The US Virgin Islands are home to some of the most incredible coral reefs in the world. But because of tropical storms, rising sea temperatures, and the influence of humans, the reefs are in severe distress which impacts all living creatures on the planet.  

According to the National Park Service, over 6,000 tons of sunscreen wash over sea coral every year. Ninety percent of that sunscreen – equal to the weight of 50 blue whales – washes over ten percent of the world’s sea coral located primarily in tourist areas such as in the National Parks of Hawaii, US Virgin Islands, American Samoa, and Florida. (1) Because of this, harmful sunscreens are now against the law to sell and purchase in those areas. 

In my time at the US Virgin Islands National Park, I learned that coral reefs are the front door to the ocean ecosystem. If the reefs die, all sorts of dangers start plaguing the plants and animals of the ocean. This in turn affects humans from the fish we eat to the increase in the frequency of storms that destroy our homes. 

Student Ambassador Robbie and an NPS Park Ranger on a beach in the US Virgin Islands.

For these reasons, it is important to know how to be prepared when you go into the ocean…everywhere! The ocean is just like the land we walk upon: we want to LEAVE NO TRACE.  

One of the ways we can “leave no trace” is by using “reef-safe sunscreen.” Various scientific studies have determined that certain chemicals found in many sunscreens, such as octinoxate, oxybenzone, parabens, and particles less than 100 nanometers, can cause coral bleaching. (2) 

Coral bleaching happens because of chemicals (sunscreen oxybenzone, octinoxate), sewer runoff, and warming ocean temperatures. These factors cause the coral to vomit out key cellular creatures living inside of it called zooxanthellae. These plant partners give the coral most of its energy. When they leave, the coral becomes weak and susceptible to disease, often dying as a result.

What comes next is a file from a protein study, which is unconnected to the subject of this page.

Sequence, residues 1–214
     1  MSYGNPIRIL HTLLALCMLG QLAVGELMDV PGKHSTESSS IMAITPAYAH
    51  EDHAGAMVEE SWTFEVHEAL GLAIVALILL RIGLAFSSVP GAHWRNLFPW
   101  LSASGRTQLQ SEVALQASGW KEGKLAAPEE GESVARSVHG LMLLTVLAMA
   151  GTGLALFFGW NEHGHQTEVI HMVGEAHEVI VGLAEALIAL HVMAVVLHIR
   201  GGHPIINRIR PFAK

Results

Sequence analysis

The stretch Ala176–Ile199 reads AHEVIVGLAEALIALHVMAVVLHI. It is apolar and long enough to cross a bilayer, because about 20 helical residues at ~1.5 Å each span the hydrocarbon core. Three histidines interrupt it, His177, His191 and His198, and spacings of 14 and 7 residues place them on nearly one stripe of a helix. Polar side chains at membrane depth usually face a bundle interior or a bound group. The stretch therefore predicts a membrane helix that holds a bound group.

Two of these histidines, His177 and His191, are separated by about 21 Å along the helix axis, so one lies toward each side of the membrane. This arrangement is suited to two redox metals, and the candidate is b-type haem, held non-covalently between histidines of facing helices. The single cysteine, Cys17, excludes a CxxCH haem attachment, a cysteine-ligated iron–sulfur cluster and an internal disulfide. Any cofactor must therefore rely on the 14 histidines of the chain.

Coral reefs are important because they provide a key part of the ocean habitat. Like forests are for animals, coral reefs provide safe havens and food sources for sea turtles, fish, and sea plants, prevent erosion of the shoreline (which is an important protection for homes), and filter the amount of carbon dioxide in the water. Over time, the coral reef can only do so much before it becomes bleached and stressed, which in turn affects our food supply, our homes, and even our weather. (3) 

The easiest way for you to help prevent the bleaching of coral is to follow these guidelines (4, 5): 

  • Do NOT buy sunscreens that have octinoxate and oxybenzone in them (just remember to avoid Oc’s and Ox’s).
  • Do NOT buy sunscreens that have parabens in their ingredients.
  • Do NOT buy sunscreens that contain any kind of beads or nanoparticles.
  • Buy mineral-based sunscreen, primarily made up of zinc oxide and titanium oxide.
  • Do buy “rash guards,” long sleeve shirts so you don’t have to use as much sunscreen.
  • Choose lotion-based sunscreen, not sprays. If you have a spray, spray it on your hand and if possible, indoors so that the spray does not go onto the sand or carry the chemicals on the wind.
  • Swim before 10 AM and after 2 PM to avoid the hottest parts of the day where you burn the easiest. Swimming at sunset is a beautiful way to wrap up the day. And if you choose to swim during the transition to the dark, the ocean may even reward you with a few bioluminescent creatures!

Also, important to note, products saying “reef” on the bottle might not be reef safe since there is still no common guideline. The guidelines above will help you make the right choice.   

Following these guidelines will help coral and our oceans wherever you go and in turn help the national parks and earth that we all love.  

Many thanks to my mentors for helping me to understand how to keep our reefs safe: NPS (National Park Service) Interpretive Ranger Gary Brennan of Biscayne (now retired) and NPS Interpretive Ranger Mark Whitefoot of US Virgin Island National Parks.  

National Park Robbie – follow me at @gooutsidefamily and @nationalparksrobbie 

Image: Teenage speaking with Park Ranger watching and ocean in the background.  

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